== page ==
Sunday, June 3, 2012


A few Junes ago I was in Montana to perform a wedding. After the rehearsal, I had a few hours to myself and decided to take an early evening drive around Flathead Lake. Heading south from Kalispell, I turned east so that the setting sun shimmered off the surface the lake on my right. It was a stunningly beautiful evening – cool fresh air bringing the sounds and scents of early summer through open windows. The road was not too busy so an unusually leisurely pace left time for looking at majesty all around.

About half way down the lake, a fragrance filled the cab of my truck that, in an instant, took me back to my childhood. The heady, rich, lush, intoxicating smell of which nothing is like it in all the world. Slamming on the brakes and pulling over to the side of the road, I got out of the truck and followed my nose into someone’s back yard and there, sure enough, a lilac bush with a few delicate purple flowers – all that remained of the short season of bloom. But enough to compel me to stop. To pay attention.

We had a lilac bush at the northeast corner of the house I grew up in. Depending on the weather – always a factor in Calgary – it would produce a few hardy flowers or, occasionally, the bush would be so full of purple wonder that you had to look for the green. And the fragrance! You could smell that bush from the moment you got out of your car. It would draw you in with its delicate power and stay with you for years.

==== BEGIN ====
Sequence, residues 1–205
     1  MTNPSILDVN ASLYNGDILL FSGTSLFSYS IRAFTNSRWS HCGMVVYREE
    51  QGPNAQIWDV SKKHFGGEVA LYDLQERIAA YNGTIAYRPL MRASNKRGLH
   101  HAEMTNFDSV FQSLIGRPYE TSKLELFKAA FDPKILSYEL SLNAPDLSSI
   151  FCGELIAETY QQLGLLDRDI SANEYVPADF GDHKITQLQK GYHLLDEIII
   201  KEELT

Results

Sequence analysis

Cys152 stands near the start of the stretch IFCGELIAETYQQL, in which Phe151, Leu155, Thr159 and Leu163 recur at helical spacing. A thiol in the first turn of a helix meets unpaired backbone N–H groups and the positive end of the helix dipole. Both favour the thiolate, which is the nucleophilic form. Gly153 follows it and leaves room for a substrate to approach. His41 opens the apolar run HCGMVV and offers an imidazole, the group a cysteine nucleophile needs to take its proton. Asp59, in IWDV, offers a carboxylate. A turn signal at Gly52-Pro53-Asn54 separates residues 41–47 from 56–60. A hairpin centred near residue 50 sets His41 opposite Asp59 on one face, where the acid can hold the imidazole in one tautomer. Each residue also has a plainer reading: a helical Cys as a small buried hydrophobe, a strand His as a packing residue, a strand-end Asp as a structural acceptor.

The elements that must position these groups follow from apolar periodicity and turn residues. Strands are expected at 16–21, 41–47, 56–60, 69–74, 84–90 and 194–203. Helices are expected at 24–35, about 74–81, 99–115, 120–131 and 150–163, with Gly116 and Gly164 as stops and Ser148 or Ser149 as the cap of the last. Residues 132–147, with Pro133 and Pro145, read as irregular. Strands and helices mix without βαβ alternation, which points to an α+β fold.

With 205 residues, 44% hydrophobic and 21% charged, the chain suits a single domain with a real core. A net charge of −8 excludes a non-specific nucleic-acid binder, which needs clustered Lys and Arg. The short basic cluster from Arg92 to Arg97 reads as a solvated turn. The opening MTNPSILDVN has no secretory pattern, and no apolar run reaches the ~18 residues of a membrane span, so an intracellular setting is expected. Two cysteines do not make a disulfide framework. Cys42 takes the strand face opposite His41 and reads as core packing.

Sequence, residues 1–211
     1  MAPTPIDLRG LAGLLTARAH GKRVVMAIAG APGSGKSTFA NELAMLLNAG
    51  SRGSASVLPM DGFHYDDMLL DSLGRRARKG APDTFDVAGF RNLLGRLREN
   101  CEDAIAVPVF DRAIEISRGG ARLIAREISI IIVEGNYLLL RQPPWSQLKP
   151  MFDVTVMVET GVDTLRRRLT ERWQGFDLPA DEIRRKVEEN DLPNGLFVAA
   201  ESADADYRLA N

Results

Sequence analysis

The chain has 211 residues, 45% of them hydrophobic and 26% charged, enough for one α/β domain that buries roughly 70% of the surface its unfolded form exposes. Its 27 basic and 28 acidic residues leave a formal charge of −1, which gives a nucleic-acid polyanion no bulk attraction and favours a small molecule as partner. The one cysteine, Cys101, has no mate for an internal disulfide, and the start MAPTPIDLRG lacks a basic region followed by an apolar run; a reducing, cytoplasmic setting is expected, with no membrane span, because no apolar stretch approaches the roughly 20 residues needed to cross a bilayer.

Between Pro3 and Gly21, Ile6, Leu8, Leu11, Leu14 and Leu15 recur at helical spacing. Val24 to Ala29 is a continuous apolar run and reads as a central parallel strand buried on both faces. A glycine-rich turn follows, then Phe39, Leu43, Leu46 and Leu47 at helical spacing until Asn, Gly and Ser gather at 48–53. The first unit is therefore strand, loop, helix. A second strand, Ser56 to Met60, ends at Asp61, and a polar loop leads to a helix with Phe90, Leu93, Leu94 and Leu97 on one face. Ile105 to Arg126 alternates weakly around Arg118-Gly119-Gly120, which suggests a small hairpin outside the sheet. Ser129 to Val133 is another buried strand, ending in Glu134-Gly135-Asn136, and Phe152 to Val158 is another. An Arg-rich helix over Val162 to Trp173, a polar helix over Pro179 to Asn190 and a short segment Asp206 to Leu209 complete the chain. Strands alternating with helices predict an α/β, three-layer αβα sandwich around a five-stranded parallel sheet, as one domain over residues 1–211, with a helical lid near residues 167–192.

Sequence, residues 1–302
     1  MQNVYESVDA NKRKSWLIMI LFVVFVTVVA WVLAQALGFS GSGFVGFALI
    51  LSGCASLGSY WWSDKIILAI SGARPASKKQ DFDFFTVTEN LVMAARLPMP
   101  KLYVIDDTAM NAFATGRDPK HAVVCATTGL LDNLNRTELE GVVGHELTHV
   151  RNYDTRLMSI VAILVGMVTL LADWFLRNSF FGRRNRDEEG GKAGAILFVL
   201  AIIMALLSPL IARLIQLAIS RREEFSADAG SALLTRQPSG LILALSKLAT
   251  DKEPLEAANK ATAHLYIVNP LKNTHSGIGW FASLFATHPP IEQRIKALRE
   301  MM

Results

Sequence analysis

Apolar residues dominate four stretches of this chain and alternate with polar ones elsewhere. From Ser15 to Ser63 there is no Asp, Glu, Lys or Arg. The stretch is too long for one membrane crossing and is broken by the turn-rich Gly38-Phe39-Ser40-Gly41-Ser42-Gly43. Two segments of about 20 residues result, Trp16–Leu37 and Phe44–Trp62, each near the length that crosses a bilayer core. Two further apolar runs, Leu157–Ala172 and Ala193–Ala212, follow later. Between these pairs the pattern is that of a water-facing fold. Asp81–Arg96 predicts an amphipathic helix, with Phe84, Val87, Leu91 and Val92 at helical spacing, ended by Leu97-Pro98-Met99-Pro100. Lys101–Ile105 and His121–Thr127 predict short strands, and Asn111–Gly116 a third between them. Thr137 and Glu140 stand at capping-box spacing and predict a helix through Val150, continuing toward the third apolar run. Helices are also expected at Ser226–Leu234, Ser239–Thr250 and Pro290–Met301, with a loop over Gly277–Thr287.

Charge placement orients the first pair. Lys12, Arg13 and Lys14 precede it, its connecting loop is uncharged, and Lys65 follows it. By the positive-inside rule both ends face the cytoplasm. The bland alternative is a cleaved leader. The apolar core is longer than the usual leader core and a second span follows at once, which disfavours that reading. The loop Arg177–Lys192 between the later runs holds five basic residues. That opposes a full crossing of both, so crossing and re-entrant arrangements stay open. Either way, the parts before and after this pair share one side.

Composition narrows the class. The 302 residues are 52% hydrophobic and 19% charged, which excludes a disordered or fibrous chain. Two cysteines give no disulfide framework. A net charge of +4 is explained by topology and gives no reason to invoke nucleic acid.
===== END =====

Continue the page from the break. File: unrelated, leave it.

Southern California, at least the part of it where I live, is short on lilacs. It doesn’t get cold enough to set them, and the few varieties that take advantage of the ten minutes of winter we get each year have only a pale hint of the powerful aroma of their northern cousins. Perhaps it is the cold that produces such a powerful fragrance. Whatever it is, the drifting, fading smell of that Montana June drive took me back home in an instant.

Fragance has a way of doing that – taking us to places, reminding us of moments, inviting us to pause. Plumeria or tuberose has me in Kaua’i in a heartbeat. Nightblooming jasmine places me in the back yard of home. It all got me to thinking – what do the long cold winter seasons of life produce in me? Is it an aroma of resurrection life in Christ – a fragrant invitation to stop and wonder, to turn aside and see, to pause, reflect, remember?

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